Fugit Inreparabile Tempus

photograph of a sundial

Nay, every race on earth of men, and beasts, and ocean-folk, and flocks, and painted birds, Rush to the raging fire: love sways them all. Fast flies meanwhile the irreparable hour, as point to point our charmed round we trace.

Ol’ Virgil (the roman poet, not my local mechanic) sure had it right, since my last post, a great deal of time has escaped, irretrievably; a consequence of too many commitments and an inability to say no as often as I should. So, what I failed to note during the last quarter of 2014.

In December, the AP ran a story on the various efforts currently under way to attract lawyers to practice in rural areas. The focus of the story is on South Dakota, but programs in Nebraska and Arkansas get a brief mention as well. It’s great to hear that programs like the one in South Dakota are starting to produce results.

From the University of St. Thomas Law School, comes word of a law student’s discovery of the joys of small town practice. Ms. Price paint’s a great picture of the pros of clerking in a small town and how practicing in a small town is more of a labor of love than anything else.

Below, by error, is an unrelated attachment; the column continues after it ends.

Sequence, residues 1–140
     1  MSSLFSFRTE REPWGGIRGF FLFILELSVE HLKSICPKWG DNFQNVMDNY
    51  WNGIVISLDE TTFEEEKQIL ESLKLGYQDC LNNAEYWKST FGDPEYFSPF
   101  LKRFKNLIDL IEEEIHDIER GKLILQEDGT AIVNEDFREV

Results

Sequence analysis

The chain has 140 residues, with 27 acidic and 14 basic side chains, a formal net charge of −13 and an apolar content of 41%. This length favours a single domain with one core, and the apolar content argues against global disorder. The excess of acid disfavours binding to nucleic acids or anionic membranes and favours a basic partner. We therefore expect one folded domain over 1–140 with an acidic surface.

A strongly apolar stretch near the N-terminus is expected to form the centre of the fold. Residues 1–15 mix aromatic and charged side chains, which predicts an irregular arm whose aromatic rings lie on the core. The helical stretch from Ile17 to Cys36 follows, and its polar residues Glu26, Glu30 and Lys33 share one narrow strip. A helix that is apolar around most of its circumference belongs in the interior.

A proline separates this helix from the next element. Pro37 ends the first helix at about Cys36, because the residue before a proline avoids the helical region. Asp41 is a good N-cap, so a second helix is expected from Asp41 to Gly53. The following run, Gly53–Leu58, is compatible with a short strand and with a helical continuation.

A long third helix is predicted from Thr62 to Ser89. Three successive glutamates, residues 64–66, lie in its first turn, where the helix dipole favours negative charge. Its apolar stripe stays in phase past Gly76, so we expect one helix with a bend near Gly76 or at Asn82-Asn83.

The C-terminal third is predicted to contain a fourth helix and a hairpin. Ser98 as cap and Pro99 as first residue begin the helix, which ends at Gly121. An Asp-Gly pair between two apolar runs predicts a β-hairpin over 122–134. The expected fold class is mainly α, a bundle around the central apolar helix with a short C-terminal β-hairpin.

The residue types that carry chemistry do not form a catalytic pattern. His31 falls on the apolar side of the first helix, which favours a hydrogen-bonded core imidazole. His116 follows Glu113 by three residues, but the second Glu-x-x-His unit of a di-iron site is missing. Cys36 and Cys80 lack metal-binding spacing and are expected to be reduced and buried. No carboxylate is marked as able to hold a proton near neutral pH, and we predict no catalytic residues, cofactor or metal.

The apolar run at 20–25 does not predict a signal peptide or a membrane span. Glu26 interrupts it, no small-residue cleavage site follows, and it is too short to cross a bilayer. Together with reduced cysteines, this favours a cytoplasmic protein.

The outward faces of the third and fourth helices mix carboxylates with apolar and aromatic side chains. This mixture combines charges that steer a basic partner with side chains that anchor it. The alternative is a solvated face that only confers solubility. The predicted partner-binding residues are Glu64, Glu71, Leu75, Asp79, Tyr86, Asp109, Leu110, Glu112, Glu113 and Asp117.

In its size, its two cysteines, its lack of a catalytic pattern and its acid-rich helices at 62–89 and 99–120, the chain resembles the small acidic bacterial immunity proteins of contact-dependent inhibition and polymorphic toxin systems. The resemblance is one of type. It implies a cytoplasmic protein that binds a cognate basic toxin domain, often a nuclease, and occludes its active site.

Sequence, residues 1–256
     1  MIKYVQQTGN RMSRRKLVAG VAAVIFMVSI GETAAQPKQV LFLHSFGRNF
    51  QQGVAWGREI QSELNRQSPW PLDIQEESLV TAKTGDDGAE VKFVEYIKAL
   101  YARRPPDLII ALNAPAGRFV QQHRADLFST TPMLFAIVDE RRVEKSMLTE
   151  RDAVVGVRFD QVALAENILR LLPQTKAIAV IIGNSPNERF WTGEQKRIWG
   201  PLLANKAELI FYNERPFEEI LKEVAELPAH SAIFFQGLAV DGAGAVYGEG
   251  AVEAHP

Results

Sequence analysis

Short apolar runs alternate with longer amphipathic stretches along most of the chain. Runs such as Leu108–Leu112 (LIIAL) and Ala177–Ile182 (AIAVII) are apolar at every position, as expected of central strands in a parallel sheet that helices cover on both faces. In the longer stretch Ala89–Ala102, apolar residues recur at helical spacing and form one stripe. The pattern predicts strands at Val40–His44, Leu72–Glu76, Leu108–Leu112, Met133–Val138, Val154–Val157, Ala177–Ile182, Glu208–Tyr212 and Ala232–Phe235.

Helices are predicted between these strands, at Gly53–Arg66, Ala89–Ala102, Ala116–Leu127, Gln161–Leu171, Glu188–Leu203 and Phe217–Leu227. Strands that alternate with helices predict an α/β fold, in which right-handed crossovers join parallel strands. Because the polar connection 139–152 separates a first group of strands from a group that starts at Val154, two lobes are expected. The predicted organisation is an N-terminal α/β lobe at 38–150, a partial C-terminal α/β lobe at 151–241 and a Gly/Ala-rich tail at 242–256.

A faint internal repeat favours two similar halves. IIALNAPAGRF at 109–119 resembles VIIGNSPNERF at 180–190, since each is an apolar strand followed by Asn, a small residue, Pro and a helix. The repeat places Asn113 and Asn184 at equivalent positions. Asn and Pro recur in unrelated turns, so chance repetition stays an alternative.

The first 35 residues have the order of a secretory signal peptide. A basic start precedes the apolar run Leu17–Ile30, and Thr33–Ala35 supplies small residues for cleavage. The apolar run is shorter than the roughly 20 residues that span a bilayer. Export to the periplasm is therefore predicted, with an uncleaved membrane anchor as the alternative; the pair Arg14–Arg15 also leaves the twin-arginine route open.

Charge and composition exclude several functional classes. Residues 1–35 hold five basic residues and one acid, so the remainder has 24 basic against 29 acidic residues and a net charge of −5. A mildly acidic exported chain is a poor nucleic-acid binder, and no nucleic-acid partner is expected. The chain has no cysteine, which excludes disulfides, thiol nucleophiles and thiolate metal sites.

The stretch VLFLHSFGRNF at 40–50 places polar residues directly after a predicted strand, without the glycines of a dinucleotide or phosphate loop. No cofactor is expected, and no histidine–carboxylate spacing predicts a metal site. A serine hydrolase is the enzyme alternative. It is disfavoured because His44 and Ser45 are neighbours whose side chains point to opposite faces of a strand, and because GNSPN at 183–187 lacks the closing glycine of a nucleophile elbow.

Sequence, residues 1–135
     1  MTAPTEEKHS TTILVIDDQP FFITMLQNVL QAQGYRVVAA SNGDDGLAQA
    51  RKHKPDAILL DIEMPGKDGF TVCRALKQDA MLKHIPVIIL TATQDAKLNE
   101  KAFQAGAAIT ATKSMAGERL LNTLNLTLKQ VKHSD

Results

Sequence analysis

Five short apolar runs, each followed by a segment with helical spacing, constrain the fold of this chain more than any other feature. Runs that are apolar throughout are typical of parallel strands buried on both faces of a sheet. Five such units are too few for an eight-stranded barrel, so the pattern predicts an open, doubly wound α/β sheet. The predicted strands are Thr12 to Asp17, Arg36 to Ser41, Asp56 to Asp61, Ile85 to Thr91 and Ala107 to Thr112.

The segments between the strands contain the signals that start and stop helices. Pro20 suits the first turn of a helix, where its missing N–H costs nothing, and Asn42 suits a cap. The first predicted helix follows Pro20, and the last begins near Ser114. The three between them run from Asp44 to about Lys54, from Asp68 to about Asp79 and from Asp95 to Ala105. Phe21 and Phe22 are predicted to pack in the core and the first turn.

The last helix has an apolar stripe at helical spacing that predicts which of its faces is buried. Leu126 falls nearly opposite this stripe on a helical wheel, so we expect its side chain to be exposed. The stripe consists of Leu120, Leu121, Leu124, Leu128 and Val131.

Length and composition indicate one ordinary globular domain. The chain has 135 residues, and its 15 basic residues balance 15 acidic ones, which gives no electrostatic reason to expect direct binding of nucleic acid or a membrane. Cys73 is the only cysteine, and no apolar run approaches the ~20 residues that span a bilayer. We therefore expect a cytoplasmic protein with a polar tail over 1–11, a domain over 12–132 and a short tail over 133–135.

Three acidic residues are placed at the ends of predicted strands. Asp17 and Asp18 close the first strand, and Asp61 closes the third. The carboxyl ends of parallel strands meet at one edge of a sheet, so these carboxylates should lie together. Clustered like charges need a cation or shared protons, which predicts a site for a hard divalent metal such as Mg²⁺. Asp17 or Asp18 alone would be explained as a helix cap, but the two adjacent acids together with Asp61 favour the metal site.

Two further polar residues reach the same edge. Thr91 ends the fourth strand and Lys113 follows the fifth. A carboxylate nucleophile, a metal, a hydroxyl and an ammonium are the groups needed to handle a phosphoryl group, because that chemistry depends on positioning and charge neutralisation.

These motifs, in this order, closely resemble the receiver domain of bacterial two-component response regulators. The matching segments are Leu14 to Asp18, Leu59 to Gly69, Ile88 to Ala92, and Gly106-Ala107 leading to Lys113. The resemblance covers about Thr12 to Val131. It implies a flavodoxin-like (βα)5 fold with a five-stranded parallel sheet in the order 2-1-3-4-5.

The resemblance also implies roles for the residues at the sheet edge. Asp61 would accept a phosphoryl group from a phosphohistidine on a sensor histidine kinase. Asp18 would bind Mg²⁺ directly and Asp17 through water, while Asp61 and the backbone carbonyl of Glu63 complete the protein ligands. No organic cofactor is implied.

Then there’s the flip side to all this – as Danielle Paquette reports, the lack of incoming rural lawyers means that the existing rural bar is delaying retirement and many rural clients are looking at two hour drives just to talk with a lawyer. In Nebraska, 12 counties have no lawyers and the Nebraska Bar Association along with the Nebraska Legislature is trying to do something about it. Their solution is twofold – a Rural Practice Loan Repayment Assistance Program and a better sales pitch – seems no one is telling law students about the opportunities that exist.

A tip of the hat to Justice Thomas G. Saylor – he started out as a small town lawyer and is now the Chief Justice of the Pennsylvania Supreme Court. Well, there was the odd gig as a county prosecutor, a deputy AG, and Supreme Court Justice along the way, but still not bad for starting out in rural Pennsylvania (see story here).

I’ll also note the passing of John Doar, a small town lawyer who died last November at the age of 92. Mr. Doar began his career in the small town of New Richmond, WI before moving on to the Justice Department and then to a New York law firm. In the 1960’s, Mr Doar helped shape the civil rights movement, as an assistant attorney general, he was the prosecutor in US v. Cecil Price et al. and he escorted James Meredith when Mr. Meredith became the first black student to enroll in the University of Mississippi. Mr. Doar was awarded the Presidential Medal of Freedom in 2012.

Out Standing in the Field – Rural Lawyers in the News

In “Is Bigger Always Better?“, attorney Michael C. Larson talks about the pull to come home to the small town law practice his great-grandfather started in spite of the occasional law school daydream of a big law career. For Mr. Larson, bigger was not better, it is the little things, the personal connection to his work and to his clients that make his career fulfilling – as he puts it: “There is something to say about being not only intellectually invested, but emotionally invested in your clientele.  I get to see first-hand the way I affect people’s lives.”